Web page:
Tagoffshore oil drilling

Obama throws down the gauntlet on Arctic, Atlantic drilling

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The Obama administration had already telegraphed that it was likely to impose what amounts to a ban on oil-and-natural-gas drilling off the Atlantic coastline and also in the Arctic waters near Alaska. At a moment when the world is looking to reduce its dependency on fossil fuels, neither the plan to expand drilling in the seafood-laden waters off the tourist beaches of the American South nor the...

RIP, Arctic drilling…but is it too late?

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There’s been a lot of news on the environment this week — some of it very good and some of it very bad. Like the old joke, let’s start with the good news first. Since the dog days of summer, when disappointed protesters called “kayaktavists” watched Shell’s massive drilling rig depart Seattle’s harbor for the Arctic waters off Alaska,developments on that...

The good guys win on Arctic drilling

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A band of ferocious protesters called “kayactivists” were unable to stop it, at first. And the Obama administration, which had the power to at least delay it and probably halt it, didn’t bother to try. But in the end, it turned out that time and Mother Nature have accomplished what environmentalists at first did not. Offshore drilling in the Arctic waters off Alaska is dead for...

On offshore drilling, an oil glut accomplishes what the Obama administration won’t

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It’s funny how things work out sometimes. Consider the sensitive issue of offshore drilling for oil in the Gulf of Mexico. Five years ago, when the Deepwater Horizon disaster wreaked its havoc on the region, killing 11 workers and ultimately spewing between 4 and 5 million barrels of crude oil into the Gulf, some folks actually wondered if that was the end of offshore oil production. After...

Once again, oil spill causes citizens to do government’s job

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The oil spill story in and around Santa Barbara just keeps getting worse. Indeed, this weekend officials had to close a number of beaches as far south as Orange County, south of Los Angeles, because of a wave of sticky, gooey tar balls, ranging from baseball-sized to football-sized, that keep coming ashore. Officials haven’t yet confirmed that the tar balls are the result of the pipeline...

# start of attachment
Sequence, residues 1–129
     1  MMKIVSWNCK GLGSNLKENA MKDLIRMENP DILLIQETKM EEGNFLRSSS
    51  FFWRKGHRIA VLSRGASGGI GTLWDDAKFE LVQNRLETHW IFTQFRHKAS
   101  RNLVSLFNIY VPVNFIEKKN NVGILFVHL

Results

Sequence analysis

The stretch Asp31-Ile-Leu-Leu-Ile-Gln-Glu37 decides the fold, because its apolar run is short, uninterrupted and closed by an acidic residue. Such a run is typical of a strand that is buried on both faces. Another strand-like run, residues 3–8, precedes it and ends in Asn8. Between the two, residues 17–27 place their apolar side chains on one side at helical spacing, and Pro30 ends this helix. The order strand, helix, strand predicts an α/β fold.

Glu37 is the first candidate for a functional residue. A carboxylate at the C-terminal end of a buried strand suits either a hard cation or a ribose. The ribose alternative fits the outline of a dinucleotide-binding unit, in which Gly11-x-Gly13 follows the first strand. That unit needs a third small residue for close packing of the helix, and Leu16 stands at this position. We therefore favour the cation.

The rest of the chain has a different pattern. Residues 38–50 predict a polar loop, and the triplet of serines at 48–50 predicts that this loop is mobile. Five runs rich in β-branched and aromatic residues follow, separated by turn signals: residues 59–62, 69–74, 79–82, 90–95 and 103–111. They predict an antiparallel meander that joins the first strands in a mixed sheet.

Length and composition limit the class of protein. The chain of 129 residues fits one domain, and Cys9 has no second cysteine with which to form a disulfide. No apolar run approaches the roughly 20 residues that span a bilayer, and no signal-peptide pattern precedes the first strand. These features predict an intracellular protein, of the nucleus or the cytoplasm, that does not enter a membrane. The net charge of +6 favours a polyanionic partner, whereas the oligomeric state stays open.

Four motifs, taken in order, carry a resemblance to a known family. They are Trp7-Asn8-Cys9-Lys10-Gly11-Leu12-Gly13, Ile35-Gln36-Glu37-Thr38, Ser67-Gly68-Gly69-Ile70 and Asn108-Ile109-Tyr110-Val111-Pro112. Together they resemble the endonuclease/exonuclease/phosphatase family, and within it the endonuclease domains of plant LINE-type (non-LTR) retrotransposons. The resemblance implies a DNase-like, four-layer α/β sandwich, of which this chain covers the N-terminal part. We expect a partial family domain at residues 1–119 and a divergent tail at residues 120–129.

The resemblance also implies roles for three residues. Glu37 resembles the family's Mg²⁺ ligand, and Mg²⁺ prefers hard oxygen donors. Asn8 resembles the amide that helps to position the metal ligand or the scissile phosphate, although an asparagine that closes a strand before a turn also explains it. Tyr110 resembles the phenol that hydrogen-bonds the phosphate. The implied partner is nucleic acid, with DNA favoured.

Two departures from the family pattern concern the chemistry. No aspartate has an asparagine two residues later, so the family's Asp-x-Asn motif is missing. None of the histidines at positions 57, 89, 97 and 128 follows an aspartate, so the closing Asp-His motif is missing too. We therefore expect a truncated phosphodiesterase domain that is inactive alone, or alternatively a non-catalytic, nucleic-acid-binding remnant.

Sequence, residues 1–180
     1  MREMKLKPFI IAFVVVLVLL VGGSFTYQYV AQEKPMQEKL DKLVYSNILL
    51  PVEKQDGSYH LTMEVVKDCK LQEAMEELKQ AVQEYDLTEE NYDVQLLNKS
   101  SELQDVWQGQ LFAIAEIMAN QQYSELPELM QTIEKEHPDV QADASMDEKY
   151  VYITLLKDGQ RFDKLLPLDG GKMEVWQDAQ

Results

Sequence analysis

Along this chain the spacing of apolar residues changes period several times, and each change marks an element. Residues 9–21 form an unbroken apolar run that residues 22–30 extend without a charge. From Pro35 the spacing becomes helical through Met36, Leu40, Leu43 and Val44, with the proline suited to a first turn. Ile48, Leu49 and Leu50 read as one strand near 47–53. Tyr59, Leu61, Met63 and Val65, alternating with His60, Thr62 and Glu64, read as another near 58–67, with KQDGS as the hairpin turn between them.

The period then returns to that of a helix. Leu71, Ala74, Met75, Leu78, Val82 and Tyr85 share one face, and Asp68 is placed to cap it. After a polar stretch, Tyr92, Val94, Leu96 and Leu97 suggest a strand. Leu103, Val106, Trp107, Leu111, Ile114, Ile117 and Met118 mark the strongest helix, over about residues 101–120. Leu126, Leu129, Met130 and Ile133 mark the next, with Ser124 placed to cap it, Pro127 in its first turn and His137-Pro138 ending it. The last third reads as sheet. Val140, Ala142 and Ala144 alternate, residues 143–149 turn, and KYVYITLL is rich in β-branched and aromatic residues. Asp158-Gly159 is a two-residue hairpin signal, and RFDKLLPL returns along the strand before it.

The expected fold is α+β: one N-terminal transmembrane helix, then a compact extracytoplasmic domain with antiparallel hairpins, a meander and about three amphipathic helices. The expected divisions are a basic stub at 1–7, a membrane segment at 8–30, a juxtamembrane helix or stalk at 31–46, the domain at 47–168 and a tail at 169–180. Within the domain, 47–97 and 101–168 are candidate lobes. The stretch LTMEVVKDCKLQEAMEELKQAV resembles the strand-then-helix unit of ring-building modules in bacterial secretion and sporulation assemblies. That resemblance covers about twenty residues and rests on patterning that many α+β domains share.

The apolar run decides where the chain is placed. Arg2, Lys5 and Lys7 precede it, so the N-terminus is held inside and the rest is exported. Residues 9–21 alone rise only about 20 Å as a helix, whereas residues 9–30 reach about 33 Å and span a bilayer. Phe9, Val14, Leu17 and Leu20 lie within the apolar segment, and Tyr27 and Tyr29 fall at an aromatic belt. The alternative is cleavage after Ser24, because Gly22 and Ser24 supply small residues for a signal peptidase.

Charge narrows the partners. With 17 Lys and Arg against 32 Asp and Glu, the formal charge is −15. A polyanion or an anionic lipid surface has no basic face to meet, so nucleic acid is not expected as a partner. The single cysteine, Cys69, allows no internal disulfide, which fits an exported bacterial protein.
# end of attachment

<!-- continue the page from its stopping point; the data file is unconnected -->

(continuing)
The wreck of the Kulluk, and how to make sure it never happens again

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I’m worried, frankly, about the long-term effect of the steep drop in the price of oil. Lower prices at the pump – some places are registering under $2 a gallon for the first time in years – could cause rising fuel consumption, especially if motorists in America and elsewhere are tempted to buy SUVs and other less-fuel-efficient vehicles. That, of course, will lead to more greenhouse-gas...

The slow drip-drip-drip of oil assaulting the Gulf

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The Gulf of Mexico is under attack from oil spills. And the millions of gallons of leftover crude from 2010’s Deepwater Horizon disaster is just a part of it. With hundreds of oil-and-gas related operations, from offshore rigs to refineries, cluttering the Gulf’s waters and lining its shores, the steady drumbeat of medium, small and even seemingly very small leaks and other mishaps...

Oil-addicted America looks for a new fix in the Atlantic

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There’s still a week left in 2013, but it’s pretty clear that America is going to start the new year pretty much the same way that that current one began: Hopelessly addicted to fossil fuels. This week I saw a story in the news that pretty much sums up where this nation is at, as we prepare to celebrate the holidays. While there has certainly been some good news this year on the...

The dispersant is more deadly than the oil

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It was no secret that spraying nearly 2 million gallons of a toxic chemical — the oil dispersant marketed under the brand name Corexit — into the Gulf of Mexico was a really, really bad idea. Indeed. back on May 11, 2010, or less than a month after the Deepwater Horizon disaster began, I issued a statement warning that BP’s willy-nilly spraying of the dispersant, which was...

BP and the Great Disconnect

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Sometimes you have to wonder whether the left hand knows what the right hand is doing. That’s definitely the case with BP and its horrific environmental track record here in the Gulf. On one hand, environmental officials continue to tally the damage from the massive BP oil spill that took place more than three and a half years ago, and today even officials who once downplayed the effects of...

Stuart H. Smith is an attorney based in New Orleans fighting major oil companies and other polluters.
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